Tensho Shubun and Japanese Art: High Culture of China and Zen Buddhist Priest

Tensho Shubun and Japanese Art: High Culture of China and Zen Buddhist Priest

Lee Jay Walker

Modern Tokyo Times

The Middle Kingdom of China impacted greatly on Japanese high culture and this enabled new ideas, fusions, and to highlight the subtle and unique differences of indigenous culture. Tensho Shubun, a Zen Buddhist priest who was born in the late fourteenth century, naturally adored the richness of China in this period of history. This is based on the flow of art, culture, faith, and philosophy that enabled a new indigenous energy to emerge.

In this period of Japanese history powerful centers of spirituality including Kamakura, Kyoto, and Nara, to name a few, were areas of high culture and faith. Politically, the prestige of Nara and Kamakura had limited timescales in comparison to Kyoto. Yet, these areas – and others including Koyasan – enabled a new Japan to flourish over the many centuries in the realm of spirituality and philosophical ideas.

One powerful legacy left behind by Tensho Shubun is suiboku ink painting that he studied under Josetsu. Indeed, Josetsu was an immigrant from China who bestowed Chinese-style ink painting on Japanese students. At the same time, Tensho Shubun studied the art of masters from the Song Dynasty of China. This notably applies to Chinese masters including Ma Yuan and Xia Gui. Therefore, the Middle Kingdom of China to studying under Josetsu meant that this highly talented Japanese artist owed much to the neighborly brother across the sea.

Throughout the life of Tensho Shubun, the powerful Zen Buddhist temple of Shokoku-ji became associated with this highly esteemed individual. Internally, this holy Zen Buddhist temple in Kyoto was among the elite of all temples throughout the land during the medieval period of Japanese history.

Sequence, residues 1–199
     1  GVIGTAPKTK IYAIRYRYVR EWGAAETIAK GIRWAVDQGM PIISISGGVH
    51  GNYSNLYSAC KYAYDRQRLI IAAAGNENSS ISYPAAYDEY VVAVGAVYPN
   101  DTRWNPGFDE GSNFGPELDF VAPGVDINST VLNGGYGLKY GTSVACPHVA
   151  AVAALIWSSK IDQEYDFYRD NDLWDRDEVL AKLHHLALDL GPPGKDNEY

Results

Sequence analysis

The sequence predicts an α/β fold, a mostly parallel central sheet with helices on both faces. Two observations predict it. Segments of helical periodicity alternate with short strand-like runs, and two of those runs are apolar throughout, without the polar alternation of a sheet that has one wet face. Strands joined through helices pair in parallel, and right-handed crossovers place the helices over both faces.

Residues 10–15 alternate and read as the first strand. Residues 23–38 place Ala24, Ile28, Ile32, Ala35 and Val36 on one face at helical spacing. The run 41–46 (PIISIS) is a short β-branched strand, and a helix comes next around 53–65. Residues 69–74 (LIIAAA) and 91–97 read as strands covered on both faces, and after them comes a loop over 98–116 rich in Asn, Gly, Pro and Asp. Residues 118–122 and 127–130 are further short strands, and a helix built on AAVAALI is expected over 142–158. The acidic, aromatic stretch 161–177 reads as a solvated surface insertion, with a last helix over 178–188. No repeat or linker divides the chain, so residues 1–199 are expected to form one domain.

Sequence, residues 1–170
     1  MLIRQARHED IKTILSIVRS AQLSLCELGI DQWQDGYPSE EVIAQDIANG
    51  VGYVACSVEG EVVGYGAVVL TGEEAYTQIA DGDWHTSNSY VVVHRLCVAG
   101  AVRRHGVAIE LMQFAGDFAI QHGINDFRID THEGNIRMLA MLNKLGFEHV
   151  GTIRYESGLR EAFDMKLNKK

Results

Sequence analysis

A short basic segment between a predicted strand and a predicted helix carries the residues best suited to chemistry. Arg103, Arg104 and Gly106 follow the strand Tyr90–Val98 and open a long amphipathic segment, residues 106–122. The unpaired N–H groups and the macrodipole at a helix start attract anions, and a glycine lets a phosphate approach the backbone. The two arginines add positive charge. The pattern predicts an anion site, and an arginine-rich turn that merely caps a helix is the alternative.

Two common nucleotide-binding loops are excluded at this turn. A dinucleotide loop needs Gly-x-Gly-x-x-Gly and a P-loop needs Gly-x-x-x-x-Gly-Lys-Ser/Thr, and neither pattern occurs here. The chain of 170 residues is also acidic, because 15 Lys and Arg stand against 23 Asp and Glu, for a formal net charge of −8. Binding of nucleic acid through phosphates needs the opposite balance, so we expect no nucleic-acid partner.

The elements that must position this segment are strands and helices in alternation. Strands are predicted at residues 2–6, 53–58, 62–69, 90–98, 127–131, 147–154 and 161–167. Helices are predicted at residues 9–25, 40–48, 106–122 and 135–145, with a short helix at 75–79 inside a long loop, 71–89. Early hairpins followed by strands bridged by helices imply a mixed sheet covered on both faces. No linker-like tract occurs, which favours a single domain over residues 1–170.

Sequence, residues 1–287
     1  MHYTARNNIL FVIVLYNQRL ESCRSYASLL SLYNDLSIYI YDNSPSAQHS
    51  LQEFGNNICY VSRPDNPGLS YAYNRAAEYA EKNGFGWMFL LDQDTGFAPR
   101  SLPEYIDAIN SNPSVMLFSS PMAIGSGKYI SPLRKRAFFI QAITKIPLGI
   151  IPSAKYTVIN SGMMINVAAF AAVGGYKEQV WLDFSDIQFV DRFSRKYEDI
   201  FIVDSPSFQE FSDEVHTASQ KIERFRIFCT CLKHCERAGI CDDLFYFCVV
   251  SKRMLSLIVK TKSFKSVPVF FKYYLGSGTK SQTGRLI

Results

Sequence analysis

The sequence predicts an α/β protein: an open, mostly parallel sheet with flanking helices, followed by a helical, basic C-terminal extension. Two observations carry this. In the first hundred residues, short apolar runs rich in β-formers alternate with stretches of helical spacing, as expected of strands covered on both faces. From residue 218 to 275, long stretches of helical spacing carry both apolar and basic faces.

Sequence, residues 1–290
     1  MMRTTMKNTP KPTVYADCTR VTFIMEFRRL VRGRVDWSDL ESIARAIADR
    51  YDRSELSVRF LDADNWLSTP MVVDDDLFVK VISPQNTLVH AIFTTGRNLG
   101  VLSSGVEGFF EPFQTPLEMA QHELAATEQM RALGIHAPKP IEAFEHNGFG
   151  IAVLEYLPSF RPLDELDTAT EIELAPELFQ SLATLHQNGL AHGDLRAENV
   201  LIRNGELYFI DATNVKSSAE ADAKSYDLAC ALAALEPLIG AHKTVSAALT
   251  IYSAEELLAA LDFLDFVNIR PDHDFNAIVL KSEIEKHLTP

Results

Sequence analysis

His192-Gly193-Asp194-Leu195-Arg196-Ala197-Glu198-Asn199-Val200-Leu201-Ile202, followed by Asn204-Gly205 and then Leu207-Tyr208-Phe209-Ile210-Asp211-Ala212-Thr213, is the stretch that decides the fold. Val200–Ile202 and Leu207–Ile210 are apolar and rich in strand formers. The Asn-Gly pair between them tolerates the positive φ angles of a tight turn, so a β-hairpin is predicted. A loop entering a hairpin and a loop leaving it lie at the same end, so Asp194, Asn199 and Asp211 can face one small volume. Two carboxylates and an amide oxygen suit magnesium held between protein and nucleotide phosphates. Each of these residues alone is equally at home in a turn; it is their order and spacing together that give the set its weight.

Towards the end of his life, he taught the esteemed Sesshu Toyo. Others also believe that he taught Kano Masanobu but no firm documentation exists to clarify this reality one hundred percent. Either way, the young Sesshu Toyo would further enhance the rich legacy of Tensho Shubun.

In a past article, I state, The richness of Confucianism and Taoism from The Middle Kingdom inspired Japanese high culture greatly. Similarly, Buddhism enabled a brotherly bond between China, Japan, and Korea. This brotherly bond filtered through and inspired artists in Japan and the same applies to culture, literature, thinking, and so forth. At the same time, the richness of Japanese culture in relation to Zen Buddhism and various other sects – along with the indigenous Shinto faith – highlights the flourishing reality of a powerful culture within the psyche of Japan based on a multitude of different concepts. Not surprisingly, all these traits influenced the corridors of power in Japan to various degrees.”

Overall, Tensho Shubun highlights the strong bonds between China and Japan that enriched both societies. Equally important, it shows the openness of Japan in this period of history.

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Some Japanese art and cultural articles by Modern Tokyo Times are republished in order to inform our growing international readership about the unique traits of Japan.

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